China data preview: GDP gain masks underlying weakness


We expect GDP growth to rebound to 3.5%yoy in 3Q from 0.4% in 2Q.
Group Research, Nathan Chow17 Oct 2022
  • We project real GDP to have expanded 3.5%yoy in 3Q, up from 0.4% in 2Q
  • September’s retail sales may have slowed to 3.5%yoy (from 5.4% in August)
  • Industrial production is projected to be 4.9%yoy (from 4.2%)
  • FAI is expected to rise 6.0%yoy in the first nine months (up from 5.8% up to August)
Photo credit: AFP Photo


A rebound in industrial activity and infrastructure spending suggests the economy is growing faster in 3Q after stalling in 2Q due to the Shanghai lockdown. Still, weakness in private and external demand means the pace of growth is likely to be well below the trend. President Xi Jinping defended an unwavering commitment to Beijing’s zero-tolerance policy during the opening ceremony of the 20th Party Congress on 16 October, a signal that Covid restrictions would continue even at the cost of growth.

Retail sales

Retail sales rose 5.4%yoy in August, partly due to a favorable base effect. On a monthly basis, it contracted by 0.05% after shrinking by 0.12% in July. Several indicators point to weaker consumption in September. Service PMI slipped to 48.9 from 51.9 in August, with contact-intensive sectors such as transportation, catering, and hotels facing severe difficulties due to Covid curbs. The number of domestic trips taken over the Mid-Autumn Festival dropped 16.7%yoy, while tourism spending fell 22.8% (-39.4% compared with pre-pandemic levels in 2019). Mirroring this was a sharp contraction in box-office revenue and domestic flights. With the boost from tax cuts fading, car sales growth decelerated to 25.7% from 32.1% in August. High-frequency data covering the week-long National Day break (1-7 October) indicate further weakness ahead.

Industrial production

Factory activities edged up in September, thanks to relief from power shortages in Sichuan reducing production disruptions. The southwestern province accounts for more than 4.0% of China’s industrial output, the eighth largest among 31 provinces. The early indicator is slightly positive, as evidenced by NBS manufacturing PMI rising to 50.1 in September from 49.4 the previous month. Sub-index tracking new orders, however, remained well below output, suggesting production cuts ahead. Overseas orders are ebbing amid rising prices, weakening demand, and destocking after inventory buildup peaked. This is evident in the sharp fall in freight rates for goods transported from China to North America and Europe.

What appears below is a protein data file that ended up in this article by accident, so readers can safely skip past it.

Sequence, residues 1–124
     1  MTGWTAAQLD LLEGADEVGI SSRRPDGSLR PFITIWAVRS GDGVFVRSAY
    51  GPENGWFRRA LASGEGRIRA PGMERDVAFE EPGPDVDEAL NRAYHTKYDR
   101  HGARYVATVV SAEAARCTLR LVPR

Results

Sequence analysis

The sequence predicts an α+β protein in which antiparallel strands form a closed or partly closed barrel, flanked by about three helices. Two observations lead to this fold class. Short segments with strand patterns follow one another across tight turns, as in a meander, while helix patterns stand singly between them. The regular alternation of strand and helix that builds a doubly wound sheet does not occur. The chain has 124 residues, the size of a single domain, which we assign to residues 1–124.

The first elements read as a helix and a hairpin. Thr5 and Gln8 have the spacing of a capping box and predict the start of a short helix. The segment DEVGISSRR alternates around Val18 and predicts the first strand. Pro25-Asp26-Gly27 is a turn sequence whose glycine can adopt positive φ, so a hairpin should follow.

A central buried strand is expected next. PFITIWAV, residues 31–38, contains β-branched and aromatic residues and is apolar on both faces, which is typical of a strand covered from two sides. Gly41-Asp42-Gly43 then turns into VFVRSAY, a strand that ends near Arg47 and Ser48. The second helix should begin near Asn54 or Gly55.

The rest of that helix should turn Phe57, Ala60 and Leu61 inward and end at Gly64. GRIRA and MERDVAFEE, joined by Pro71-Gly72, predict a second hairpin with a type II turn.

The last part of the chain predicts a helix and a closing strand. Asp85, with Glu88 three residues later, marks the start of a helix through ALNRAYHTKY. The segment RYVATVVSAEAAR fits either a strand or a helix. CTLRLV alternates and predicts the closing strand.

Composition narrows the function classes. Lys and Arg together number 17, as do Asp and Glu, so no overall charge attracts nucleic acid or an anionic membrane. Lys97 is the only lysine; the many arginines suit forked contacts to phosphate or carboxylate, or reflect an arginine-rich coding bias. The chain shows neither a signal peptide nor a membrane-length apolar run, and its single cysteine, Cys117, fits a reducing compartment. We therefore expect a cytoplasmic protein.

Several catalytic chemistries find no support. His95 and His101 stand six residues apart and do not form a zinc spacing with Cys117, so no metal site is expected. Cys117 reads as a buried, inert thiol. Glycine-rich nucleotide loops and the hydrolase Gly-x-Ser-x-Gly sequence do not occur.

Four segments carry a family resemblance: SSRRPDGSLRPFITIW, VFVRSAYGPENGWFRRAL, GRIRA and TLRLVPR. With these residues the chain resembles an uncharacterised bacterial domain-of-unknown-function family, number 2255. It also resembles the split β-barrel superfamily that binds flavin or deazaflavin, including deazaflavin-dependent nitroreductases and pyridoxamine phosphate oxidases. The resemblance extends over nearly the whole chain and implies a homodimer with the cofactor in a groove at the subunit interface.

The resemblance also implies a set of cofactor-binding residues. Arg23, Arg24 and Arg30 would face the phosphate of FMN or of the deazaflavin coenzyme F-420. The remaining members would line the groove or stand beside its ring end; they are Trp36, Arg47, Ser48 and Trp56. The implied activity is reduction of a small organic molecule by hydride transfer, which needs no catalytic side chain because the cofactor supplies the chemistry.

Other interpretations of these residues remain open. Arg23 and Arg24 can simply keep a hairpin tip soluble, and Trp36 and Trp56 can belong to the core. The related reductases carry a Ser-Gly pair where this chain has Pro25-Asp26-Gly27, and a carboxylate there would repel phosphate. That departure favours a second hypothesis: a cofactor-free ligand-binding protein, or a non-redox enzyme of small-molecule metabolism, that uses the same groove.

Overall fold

Fixed asset investment

The NBS construction PMI surged to a 1-year high of 60.2 in September. This, coupled with higher steel output and lower rebar inventories, signals infrastructure spending may have offset the projected decline in property investment and driven headline FAI higher. Local governments are eager to shore up dwindling growth before the Party Congress. Shanghai, for instance, announced eight infrastructure projects with a total investment of RMB1.8tn. The move came in response to sharp contraction stemming from the monthslong lockdown (Shanghai’s FAI plunged 11.5% YTD vs. an 8.3% gain nationwide). China’s aggressive infrastructure push has exacerbated the performance differential between private and state-owned enterprises. The former saw their profits sink 8.3% YTD, while those of the latter were up 5.4%.

Policy implications

As of July, local governments had issued most of the RMB3.65tn in special bonds earmarked for infrastructure. Government bond financing, as a result, dropped 52%yoy in August-September. We expect large state-owned and policy banks to step up credit support to offset the shortfall. Meanwhile, PBOC injected funds into policy banks via the Pledged Supplemental Lending (PSL) program for the first time since February 2020. It suggests the authority’s pivot to a more targeted policy because broad-based monetary easing is constrained by rising global interest rates and fiscal spending limited by stretched local government finances (see here). We see room for a further increase in PSL in the coming months alongside other targeted measures stabilizing the property market and prioritizing job creation.

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Nathan Chow 周洪禮

Senior Economist and Strategist - China & Hong Kong 高級經濟學家及策略師 - 中國及香港
nathanchow@dbs.com
 

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